On the 13th of March 2018, the Cambridge University Library published their findings on a Sumerian Tablet, their oldest written document. The clay tablet, dating back 4,200 years, was written by a scribe in ancient Iraq.
It consists of six lines of cuneiform script. One of the earliest systems of writing, cuneiform translates to mean “wedge shaped” embodying the manner of the markings carved into clay tablets at the time. The language of the inscription is Sumerian, which is the oldest written language, and the earliest texts in Sumerian date back to 3000 BC.
Originally the thumb-sized tablet was donated to the University in 1921 but disappeared until 2016, during research for the University Library’s 600th anniversary exhibition, ‘Curious Objects’. Senior Fellow at the McDonald Institute for Archaeological Research Professor Nicholas Postgate had this to say about the tablet:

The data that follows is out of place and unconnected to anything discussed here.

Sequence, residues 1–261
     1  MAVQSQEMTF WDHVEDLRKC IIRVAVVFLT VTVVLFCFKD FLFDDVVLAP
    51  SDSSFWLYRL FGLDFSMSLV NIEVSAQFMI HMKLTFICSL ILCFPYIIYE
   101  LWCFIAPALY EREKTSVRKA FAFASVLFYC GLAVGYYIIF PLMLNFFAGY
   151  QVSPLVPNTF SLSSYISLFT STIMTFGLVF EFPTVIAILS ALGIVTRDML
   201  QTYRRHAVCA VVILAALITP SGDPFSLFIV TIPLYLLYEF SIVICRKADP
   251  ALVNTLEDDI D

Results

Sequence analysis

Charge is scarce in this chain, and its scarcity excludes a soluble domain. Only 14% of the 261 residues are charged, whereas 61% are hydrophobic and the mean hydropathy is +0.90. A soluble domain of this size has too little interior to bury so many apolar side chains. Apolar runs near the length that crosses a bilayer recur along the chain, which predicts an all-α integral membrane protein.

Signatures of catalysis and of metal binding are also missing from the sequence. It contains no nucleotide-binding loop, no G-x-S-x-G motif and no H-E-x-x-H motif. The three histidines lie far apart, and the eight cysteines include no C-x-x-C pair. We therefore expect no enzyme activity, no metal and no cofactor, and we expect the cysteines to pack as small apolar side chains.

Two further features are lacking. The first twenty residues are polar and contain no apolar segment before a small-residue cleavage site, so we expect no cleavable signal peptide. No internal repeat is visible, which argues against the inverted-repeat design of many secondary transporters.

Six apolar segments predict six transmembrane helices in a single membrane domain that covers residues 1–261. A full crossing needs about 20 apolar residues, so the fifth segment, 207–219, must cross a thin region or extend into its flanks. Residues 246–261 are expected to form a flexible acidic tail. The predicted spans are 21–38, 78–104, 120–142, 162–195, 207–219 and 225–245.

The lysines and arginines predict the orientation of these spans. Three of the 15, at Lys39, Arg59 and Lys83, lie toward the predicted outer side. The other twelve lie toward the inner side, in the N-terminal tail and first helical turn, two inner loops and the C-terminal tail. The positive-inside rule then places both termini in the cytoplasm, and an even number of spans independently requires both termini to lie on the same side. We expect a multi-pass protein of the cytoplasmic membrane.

“In the early years of the 20th Century, we have a disaster. The antiquities market in the West was flooded with thousands of cuneiform tablets. They had been ripped out of their original context in the sites where the illicit robbers were working and distributed across the world.”
“The tablets of an individual archive can be found in museums from Moscow, to London, to Chicago. We may be able to reconstruct what’s going on in the individual tablets and by comparison with the others in the archive as a whole but we can never reconstruct the physical archaeological context from which they came. There is a great loss of information there.
“The content of the tablet is very simple. It simply mentions a large quantity, 22 jars, of lard or egg fat. It gives the name of the responsible official and it states that this fat was dispensed in the city of Zabala.”
Following the exhibition, Postgate further examined the piece and he has plans to publish an academic paper on both the tablet and its wider context this year.